Texas State Legislature
United States of America

Funding for public and higher education was allotted the most money for the 2010-2011 budget, suggesting its importance. So why cut the funding? By significantly reducing funding for education, you will be putting thousands of teachers and faculty (including janitors and bus drivers) out of work.

By decreasing funding, you will be decreasing the amount of educational programs students in both public and higher education receive. More notably, as minority students have continuously been adversely affected by a lack of funding in education (including overpopulated classrooms, a scarcity of decent technology, facilities, after-school programs, and scholarships), decreasing the already insufficient amount will only increase the inadequacies for us.

As a minority college student, I am relying on financial aid to complete my higher learning. Cutting into these funds will not only raise tuition and reduce student services, but it will prevent me from completing my last year of college.

Education is the most important thing you can offer the students of Texas, the future of this great state. Being that all of you needed education to get to where you are today, I am sure you understand how critical it is to our society. Without it, there would be no government officials like you. Your current budget (allotting $75.4 billion, the largest amount, to education) proves that you realize this, but your current actions represent the contrary. Did education all of a sudden lose its value? We all realize economic times are currently very difficult, but should our current economy be the determinant of a successful future?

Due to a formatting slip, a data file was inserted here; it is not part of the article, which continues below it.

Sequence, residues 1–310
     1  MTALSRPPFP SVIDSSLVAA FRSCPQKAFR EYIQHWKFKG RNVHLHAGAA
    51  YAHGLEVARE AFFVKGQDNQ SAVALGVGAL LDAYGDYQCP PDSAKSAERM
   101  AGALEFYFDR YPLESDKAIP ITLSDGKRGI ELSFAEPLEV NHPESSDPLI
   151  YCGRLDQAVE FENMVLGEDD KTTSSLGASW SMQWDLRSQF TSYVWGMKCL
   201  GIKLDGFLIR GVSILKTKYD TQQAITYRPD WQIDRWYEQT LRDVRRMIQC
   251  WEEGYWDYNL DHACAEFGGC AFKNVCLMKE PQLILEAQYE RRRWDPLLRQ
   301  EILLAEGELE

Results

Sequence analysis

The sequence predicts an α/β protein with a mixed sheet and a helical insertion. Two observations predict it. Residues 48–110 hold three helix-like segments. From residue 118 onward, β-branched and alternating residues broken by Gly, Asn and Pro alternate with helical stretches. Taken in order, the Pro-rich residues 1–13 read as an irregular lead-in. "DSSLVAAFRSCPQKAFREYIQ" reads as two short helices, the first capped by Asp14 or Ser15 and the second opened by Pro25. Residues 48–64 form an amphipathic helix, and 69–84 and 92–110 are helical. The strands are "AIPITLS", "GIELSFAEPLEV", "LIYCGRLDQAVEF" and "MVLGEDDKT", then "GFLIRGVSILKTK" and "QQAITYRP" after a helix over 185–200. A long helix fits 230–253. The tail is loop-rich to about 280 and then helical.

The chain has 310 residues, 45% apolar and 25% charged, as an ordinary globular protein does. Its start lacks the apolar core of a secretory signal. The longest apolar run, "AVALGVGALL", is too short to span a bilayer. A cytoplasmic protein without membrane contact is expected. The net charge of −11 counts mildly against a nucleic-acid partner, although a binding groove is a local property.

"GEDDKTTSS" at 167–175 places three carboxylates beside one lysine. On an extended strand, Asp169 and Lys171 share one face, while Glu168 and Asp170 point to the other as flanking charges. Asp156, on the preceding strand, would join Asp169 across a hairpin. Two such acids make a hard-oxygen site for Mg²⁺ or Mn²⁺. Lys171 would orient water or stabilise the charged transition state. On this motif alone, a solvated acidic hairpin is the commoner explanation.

I see a future of educated Texans with technological, political, artistic, scientific, and business success, increasingly boosting the economy of Texas. But this bright future can only be realized if you, the people we trust, the people we elected, do not turn your backs on us. If you do, you will be essentially hindering the economy of the future. If you do, you will be preventing future lawyers and doctors from graduating, the next government officials from running this state.

We challenge you to instead:
o Balance the $3.2 billion from the Rainy Day Fund with other alternatives to avoid making large cuts in the education budget that will prevent new recipients of Texas Grants (which largely fund the college education of minority students)
o Spend less on underused areas of the budget
o Generate revenue to offset costs
o Instead of allowing public schools to take up electricity during the summer and other holidays, use the buildings for activities and events to generate revenue when school is not in session.
o Increase taxes on alcohol, cigarettes and other non-necessities.

These are examples that students have come up with so we, the undersigned challenge you, the experts, the Texas State Legislature, to incorporate alternatives. Do not cut funding for education. There’s an election approaching. If you cut this funding, you will find yourselves paying for it at the ballot.

I assure you that young people will vote in unprecedented numbers—along with their disappointed parents and irritated teachers—to get the right people in office.

The signatures below from students, teachers, faculty, community leaders, and politicians signify the support we’ve gathered. We are saying “NO” to cutting funds in Texas education and we are calling on you, the Texas Legislature, to do the same.

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The We Unite Against Texas Education Budget Cuts petition to Texas State Legislature was written by Lindsay Gary and is in the category Education at GoPetition.

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education budget texas cuts